The analysis showed that through last year’s June quarter $11.4 billion went to businesses that did not suffer their forecast drop in turnover compared to a year earlier. Another $15.6 billion was paid out in the September quarter. Once a business qualified for the scheme it gained JobKeeper benefits for a full 6 months.
Of the total $27 billion, $13.2 billion went to businesses whose fall in turnover was less than expected while another $13.8 billion went to businesses that enjoyed higher turnovers.
Of that $13.8 billion, at least $4.9 billion went to new businesses or those that had changed their structure since the year before, which could explain the increased turnover.
“JobKeeper payments to these businesses were important to offset the impact of COVID-19 restrictions on their operations and avoid labour shedding,” it said.
These payments have prompted calls for the government to claw back JobKeeper.
But Treasury said a claw back mechanism would have “perversely” encouraged businesses to reduce activity so that they could qualify for support.
“For a ‘typical’ business that had the opportunity to recover, but did not expect its turnover to increase significantly, the most profitable decision for the business would have been to reduce turnover to ensure it continued to qualify for JobKeeper,” it argued.
“In this example, if the business expected turnover to increase compared with a year earlier, but by less than 13 per cent, the business would have faced an incentive to reduce its turnover by 30 per cent to retain access to JobKeeper and maximise its profits.”
The incentive was large.
JobKeeper, on average, provided businesses with a subsidy worth 60 per cent of their wage bill, reducing overall labour costs by 15 per cent of revenue. By September, almost a quarter of those on the scheme did not have out-of-pocket wages costs due to JobKeeper.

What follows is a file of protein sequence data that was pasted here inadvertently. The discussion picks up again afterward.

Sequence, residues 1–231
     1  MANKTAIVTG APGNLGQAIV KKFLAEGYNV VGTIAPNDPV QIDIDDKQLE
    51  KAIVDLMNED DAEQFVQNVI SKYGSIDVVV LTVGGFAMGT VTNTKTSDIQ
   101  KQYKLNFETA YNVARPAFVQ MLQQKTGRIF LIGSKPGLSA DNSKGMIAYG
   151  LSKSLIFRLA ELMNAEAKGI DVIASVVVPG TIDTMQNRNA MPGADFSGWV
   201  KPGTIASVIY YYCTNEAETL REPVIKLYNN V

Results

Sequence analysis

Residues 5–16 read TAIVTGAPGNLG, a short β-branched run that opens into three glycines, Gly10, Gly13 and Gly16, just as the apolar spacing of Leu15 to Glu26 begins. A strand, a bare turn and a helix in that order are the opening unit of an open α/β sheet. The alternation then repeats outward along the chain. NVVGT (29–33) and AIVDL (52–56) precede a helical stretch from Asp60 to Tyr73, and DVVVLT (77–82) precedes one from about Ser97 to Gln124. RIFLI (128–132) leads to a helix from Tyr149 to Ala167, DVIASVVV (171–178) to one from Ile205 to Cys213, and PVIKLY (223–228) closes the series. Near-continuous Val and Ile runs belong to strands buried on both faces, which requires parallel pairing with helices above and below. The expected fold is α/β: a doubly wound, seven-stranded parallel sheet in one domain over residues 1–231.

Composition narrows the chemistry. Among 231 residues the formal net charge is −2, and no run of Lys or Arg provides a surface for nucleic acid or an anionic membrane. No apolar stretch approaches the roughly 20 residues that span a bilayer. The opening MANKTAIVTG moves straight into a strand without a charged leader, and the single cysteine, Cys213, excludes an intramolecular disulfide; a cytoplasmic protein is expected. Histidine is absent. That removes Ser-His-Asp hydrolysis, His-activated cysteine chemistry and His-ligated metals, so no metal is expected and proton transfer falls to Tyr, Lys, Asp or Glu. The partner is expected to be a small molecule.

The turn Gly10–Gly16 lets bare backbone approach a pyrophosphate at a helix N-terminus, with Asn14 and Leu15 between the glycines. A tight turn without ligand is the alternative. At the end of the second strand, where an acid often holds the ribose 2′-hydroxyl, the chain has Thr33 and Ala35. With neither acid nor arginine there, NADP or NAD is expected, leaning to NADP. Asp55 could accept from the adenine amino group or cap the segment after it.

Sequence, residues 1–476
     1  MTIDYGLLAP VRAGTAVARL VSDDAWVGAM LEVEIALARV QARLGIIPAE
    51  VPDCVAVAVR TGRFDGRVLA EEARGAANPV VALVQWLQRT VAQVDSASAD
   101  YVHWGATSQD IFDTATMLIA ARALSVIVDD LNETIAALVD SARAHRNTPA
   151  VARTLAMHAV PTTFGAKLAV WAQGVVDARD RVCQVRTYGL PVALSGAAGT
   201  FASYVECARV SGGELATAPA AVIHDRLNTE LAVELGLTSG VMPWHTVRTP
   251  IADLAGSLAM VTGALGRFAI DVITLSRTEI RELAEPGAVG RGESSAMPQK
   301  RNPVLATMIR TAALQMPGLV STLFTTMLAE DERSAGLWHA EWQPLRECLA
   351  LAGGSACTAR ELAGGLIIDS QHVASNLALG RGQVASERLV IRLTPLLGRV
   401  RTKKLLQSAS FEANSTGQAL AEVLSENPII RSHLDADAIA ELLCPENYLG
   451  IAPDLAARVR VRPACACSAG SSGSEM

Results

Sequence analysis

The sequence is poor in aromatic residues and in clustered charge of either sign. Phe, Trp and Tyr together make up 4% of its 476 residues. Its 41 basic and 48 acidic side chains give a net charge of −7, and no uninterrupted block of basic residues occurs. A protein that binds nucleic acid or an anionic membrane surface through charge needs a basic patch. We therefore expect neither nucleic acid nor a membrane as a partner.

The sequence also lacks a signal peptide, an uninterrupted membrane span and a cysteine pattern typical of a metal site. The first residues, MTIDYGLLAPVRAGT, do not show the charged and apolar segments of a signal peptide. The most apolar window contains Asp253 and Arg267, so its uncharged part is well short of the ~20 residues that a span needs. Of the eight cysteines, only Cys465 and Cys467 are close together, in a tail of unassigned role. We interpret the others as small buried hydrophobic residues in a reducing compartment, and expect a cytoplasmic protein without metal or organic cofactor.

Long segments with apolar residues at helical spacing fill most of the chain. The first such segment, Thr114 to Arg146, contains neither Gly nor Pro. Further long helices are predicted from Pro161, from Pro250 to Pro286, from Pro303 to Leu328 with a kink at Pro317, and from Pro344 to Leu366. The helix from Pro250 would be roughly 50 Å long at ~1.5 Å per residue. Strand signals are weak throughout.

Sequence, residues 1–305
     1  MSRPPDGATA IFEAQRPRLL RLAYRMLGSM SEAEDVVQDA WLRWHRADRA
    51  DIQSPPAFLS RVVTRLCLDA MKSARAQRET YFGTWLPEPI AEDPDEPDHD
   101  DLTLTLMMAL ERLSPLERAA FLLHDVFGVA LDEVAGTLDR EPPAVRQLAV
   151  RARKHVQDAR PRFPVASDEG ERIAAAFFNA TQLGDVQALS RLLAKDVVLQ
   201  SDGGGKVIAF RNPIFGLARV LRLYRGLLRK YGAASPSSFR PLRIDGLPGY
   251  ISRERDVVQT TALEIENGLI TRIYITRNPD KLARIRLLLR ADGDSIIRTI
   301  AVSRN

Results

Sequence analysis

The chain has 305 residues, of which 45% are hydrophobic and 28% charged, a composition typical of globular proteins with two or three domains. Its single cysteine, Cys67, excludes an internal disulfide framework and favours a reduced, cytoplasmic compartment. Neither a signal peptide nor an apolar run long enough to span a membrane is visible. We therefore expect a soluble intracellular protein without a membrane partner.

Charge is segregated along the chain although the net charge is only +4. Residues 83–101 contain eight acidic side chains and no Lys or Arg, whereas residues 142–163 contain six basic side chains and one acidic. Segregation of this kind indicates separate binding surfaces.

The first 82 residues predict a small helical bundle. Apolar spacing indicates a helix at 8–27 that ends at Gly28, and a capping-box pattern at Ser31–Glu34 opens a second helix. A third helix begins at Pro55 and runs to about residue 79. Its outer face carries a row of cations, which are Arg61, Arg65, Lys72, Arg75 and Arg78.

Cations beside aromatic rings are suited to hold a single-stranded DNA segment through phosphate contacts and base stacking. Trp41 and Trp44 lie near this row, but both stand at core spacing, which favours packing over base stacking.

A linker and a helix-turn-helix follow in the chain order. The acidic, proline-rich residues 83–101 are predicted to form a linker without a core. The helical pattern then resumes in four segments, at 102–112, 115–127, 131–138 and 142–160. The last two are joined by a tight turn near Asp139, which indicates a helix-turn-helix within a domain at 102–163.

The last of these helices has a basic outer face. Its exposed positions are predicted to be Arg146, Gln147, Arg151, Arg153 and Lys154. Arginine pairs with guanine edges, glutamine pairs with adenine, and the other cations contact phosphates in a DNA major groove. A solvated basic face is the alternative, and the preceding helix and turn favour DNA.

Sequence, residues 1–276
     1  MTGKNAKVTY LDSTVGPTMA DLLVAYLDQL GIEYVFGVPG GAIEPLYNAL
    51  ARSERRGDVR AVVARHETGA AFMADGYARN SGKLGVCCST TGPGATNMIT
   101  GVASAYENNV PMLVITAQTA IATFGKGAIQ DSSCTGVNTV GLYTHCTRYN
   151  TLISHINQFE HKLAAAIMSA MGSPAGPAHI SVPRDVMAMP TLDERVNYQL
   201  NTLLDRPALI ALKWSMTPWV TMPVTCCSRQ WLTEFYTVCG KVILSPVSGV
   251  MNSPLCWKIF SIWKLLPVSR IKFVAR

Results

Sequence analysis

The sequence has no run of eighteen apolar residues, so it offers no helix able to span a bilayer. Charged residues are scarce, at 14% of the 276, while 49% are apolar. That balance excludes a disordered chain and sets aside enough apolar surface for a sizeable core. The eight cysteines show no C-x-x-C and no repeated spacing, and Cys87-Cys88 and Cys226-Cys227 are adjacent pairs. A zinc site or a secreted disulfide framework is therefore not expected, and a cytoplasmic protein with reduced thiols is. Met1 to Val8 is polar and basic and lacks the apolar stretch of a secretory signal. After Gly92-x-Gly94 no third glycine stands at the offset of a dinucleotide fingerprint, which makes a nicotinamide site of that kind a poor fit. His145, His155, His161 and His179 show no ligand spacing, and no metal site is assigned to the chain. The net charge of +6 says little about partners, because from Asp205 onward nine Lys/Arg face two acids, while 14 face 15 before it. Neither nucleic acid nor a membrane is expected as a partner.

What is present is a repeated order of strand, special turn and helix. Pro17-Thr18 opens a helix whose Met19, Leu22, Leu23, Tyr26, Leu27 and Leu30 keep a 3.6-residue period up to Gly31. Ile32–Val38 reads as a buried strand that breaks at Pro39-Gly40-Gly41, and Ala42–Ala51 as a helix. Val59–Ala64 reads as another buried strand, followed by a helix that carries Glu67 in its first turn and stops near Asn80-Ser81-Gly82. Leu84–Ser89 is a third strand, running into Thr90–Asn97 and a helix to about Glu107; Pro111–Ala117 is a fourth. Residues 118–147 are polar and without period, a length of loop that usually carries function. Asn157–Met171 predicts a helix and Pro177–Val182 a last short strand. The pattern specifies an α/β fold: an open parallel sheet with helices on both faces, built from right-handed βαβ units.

“The provision of the wage subsidy enabled many of these businesses to continue operating and then to pivot and grow,” it said.
Small businesses with revenue below $50 million accounted for $22.5 billion or 83 per cent of the payments that went to companies that did not meet the expected falls in turnover. They also accounted for 88 per cent of the businesses that got JobKeeper while enjoying an increase in turnover.
The average businesses that did not meet the 30 per cent or 50 per cent forecast in turnover supported four people.
Treasury said JobKeeper directly affected businesses most at risk from the restrictions imposed due to the pandemic. The job separation rate at businesses receiving JobKeeper almost doubled due to pandemic restrictions but was largely unchanged for other businesses.
Half of the people employed in the arts and recreation industry and 35 per cent of those in the accommodation and food services industries were supported by JobKeeper payments.
Treasurer Josh Frydenberg said the report proved the importance and effectiveness of JobKeeper.
“The report demonstrates that JobKeeper was more than just a wage subsidy. It was designed to ensure the strongest possible economic recovery and avoid the scarring impacts on the labour market, which were characteristic of previous recessions,” he said.
“Treasury’s report on the first six months of JobKeeper clearly demonstrates that the program did what it was intended to do. It kept employers and employees connected. It saved more than 700,000 jobs and it supported Australia’s world-leading economic recovery.”
Labor’s assistant treasury spokesman Andrew Leigh said JobKeeper had wasted billions of dollars that could have gone into other programs.
“JobKeeper was a good idea that was badly implemented by the Morrison government. They allowed billions of dollars to go to companies that didn’t need support, yet neglected millions who needed help,” he said.
“A program meant to help battlers ended up lining the pockets of offshore billionaires. And even now, the Morrison government is fighting to keep secret the names of big firms that got JobKeeper.”
The analysis was based on about two-thirds of the businesses that received $47.6 billion of the $70.3 billion paid during the first phase of JobKeeper. Not-for-profits, businesses too small to submit a quarterly Business Activity Statement and some businesses that reported as part of a consolidated group were not included.